A facilitator that comes back after a session and says triumphantly "I did everything I was supposed to, but nothing worked." has not gotten the first thing about processing. Or, rather she has demonstrated it well. The most valuable thing you can do for a person is to be there and be interested in them. That is the first thing you do with a client. You sit down, and you are there. You become interested in the person in front of you, and you intend to help them. Doing so is up to you while you are in session. You might have studied all kinds of theories, but all of them really matter very little compared with how this exact client matters. The words on your papers, the diagrams in your textbooks are not what is important then. They were important when you were studying. When you are in session, the client is important, nothing else.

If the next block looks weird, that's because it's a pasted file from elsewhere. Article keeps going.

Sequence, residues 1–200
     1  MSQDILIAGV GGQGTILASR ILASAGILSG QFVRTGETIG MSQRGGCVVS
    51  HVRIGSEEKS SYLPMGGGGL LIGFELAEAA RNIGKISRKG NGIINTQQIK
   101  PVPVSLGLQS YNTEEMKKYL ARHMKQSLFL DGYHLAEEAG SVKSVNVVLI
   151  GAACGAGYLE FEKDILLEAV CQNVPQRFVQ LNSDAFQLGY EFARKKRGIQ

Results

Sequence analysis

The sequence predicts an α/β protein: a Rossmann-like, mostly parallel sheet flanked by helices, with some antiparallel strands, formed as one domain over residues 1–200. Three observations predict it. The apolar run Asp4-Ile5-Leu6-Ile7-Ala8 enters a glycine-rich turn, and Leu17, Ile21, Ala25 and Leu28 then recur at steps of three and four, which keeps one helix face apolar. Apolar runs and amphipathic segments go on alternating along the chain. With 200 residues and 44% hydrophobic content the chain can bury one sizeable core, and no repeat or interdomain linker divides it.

Maybe the first couple of times you use a new technique, you might be doing it kind of mechanically. Maybe you are overly obsessed with getting the wording right and following the procedure exactly. No big deal, you need to get your feet wet to see how it works. But if you don't get the expected result with the client, don't blame the technique. Exercising a new technique probably has taken away from the attention you gave the client, and you didn't respond to what she really needed.
There is never any excuse for not dealing with the client. The techniques as they are written up certainly aren't a valid excuse. They are no replacement for dealing with the actual person.
Additionally, "Nothing happened" is never a valid report. You always do something with a client. She always responds somehow. None of it might be what was intended or desired, but for sure SOMETHING happened. If you notice what went on, you can use that information to know what to do next. Just rattling off a bunch of procedures and not noticing anything is a waste of everybody's time.